So that’s it this week, a bit of nostalgia, a rant about misuse of my photographs and hopefully I’ve covered Solitude as well.

As usual, here’s what other bloggers are saying about this weeks challenge;

Eiwawar The Great Dipper Show
My Quiet Place – Nes Felicio Photography
PhotosbyGoldie Solitude- A Winter’s Day
Georgia Adventures with Pauliana Weekly Photo Challenge- Solitude
@ The West Gate On my own
Simply Photos Standing Out in Solitude
Indira’s Blog Solitude- Weekly Photo Challenge
Solitude Found At Penmon Point – Tish Farrell
Instant Human…just add coffee. The Art of Solitude
Julie Powell – Photographer & Graphic Artist Weekly Photo Challenge – Solitutde

I Can’t Think Of A Title This Week

Saturday saw me at the UK National Cycling Championships held in the magnificent Manchester Velodrome, part of SPORTCITY and home of British Cycling since 1994. Now you might be thinking at this point “what’s this got to do with this weeks theme” Previously the site was in use as industrial land and Bradford colliery.

It seemed the perfect excuse to have a go with the Olympus 75-300mm lens, especially as you can walk around the spectator area of the velodrome and find a good spot. During the time trials the cyclists get a push to start them off then they have a couple of laps to get up to speed before the timing starts. They need a good time on record before progressing to the later race stages.

OLYMPUS DIGITAL CAMERA

They get a fair speed up so you have to lock the focus and make sure you track them as they go around the track, excuse the pun. Fortunately the Olympus E-M1 camera has a Continuous Auto Focus with Tracking function. It’s not so good for bird photography, because it sometimes strays away from the intended target, but with larger objects like cycles and planes I get a good hit rate. Is that another pun…?

OLYMPUS DIGITAL CAMERA

I like this type of race. Team Pursuit. At the opposite side of the track is another team. They both set of at the same time and in simplest terms the object is for one team to catch the other. However it’s more likely to go to timing and it’s the third persons time that counts at the end of the required amount of laps. That is of course unless one team catches the other, then it’s all over. does matter how many laps have been run. That red contraption is the timing equipment.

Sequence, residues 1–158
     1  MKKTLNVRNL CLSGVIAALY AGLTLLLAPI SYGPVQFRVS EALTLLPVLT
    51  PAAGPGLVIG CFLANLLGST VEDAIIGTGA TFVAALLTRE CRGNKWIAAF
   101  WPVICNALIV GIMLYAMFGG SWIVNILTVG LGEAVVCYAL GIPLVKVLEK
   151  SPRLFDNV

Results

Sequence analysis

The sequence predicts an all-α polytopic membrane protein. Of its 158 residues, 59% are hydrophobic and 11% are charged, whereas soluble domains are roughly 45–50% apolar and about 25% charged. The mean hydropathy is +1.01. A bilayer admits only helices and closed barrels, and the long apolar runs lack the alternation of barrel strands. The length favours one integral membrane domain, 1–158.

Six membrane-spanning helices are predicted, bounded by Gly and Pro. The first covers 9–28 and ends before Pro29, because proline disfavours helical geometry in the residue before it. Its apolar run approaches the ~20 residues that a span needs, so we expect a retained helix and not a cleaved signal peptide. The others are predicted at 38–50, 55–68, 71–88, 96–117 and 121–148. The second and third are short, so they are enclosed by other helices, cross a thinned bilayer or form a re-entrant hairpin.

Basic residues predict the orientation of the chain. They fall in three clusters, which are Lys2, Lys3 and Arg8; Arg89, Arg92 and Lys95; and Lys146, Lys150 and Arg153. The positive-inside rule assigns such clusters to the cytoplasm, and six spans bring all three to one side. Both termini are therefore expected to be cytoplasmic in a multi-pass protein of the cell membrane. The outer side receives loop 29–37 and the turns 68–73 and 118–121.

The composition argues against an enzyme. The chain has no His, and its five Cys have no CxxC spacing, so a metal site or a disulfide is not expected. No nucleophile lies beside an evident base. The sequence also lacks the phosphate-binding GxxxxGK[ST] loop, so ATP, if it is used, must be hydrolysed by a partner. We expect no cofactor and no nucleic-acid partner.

OLYMPUS DIGITAL CAMERA

Round and Round they go. Faster and Faster. This will never catch on…..

OLYMPUS DIGITAL CAMERA

Photography as a fad is well-nigh on its last legs, thanks principally to the bicycle craze. – Alfred Stieglitz – in 1897.

OLYMPUS DIGITAL CAMERA

Now a big race, 60 laps, riders gain points at set stages in the race for being in the leading positions. Of course there’s a lot of jockeying for position and riders at the front are constantly looking behind them to see who is challenging.

OLYMPUS DIGITAL CAMERA

Sometimes it all goes wrong and a rider, or even a few will crash out. Ouch! That hurts…..

OLYMPUS DIGITAL CAMERA

There’s even tandem races. In this instance it was Paracycling. The rider behind is visually impaired, The rider at the front is not.

Jack and Jill have just climbed Le Alp de Huez on a tandem: “Phew that was a tough climb” said Jack “Thought we were never going to make it“. “Yeah good job I kept the brakes on” said Jill “or we’d have slid all the way back down!”

Seriously though both the riders do a good job and work together as a team

OLYMPUS DIGITAL CAMERA

 

Well that’s it for this weeks challenge. I hope you enjoyed the photographs.

Here’s what other bloggers are saying about this weeks challenge;

Winter’ – DirtRoadWife
Estelea’s Blog Repurposing on the road, Filipino Style
Freddy’s Photo Project Out of the deep
The Linda Life Repurposing and Presenting Bubble Wrap
tornin2’s Blog Repurposed lights
the Ordinary Hiker Repurposed- O & E Towpath Trail
The Land Slide Photography On The Road
Half a photograph Repurposed
Doodles Collections Countertop Pathway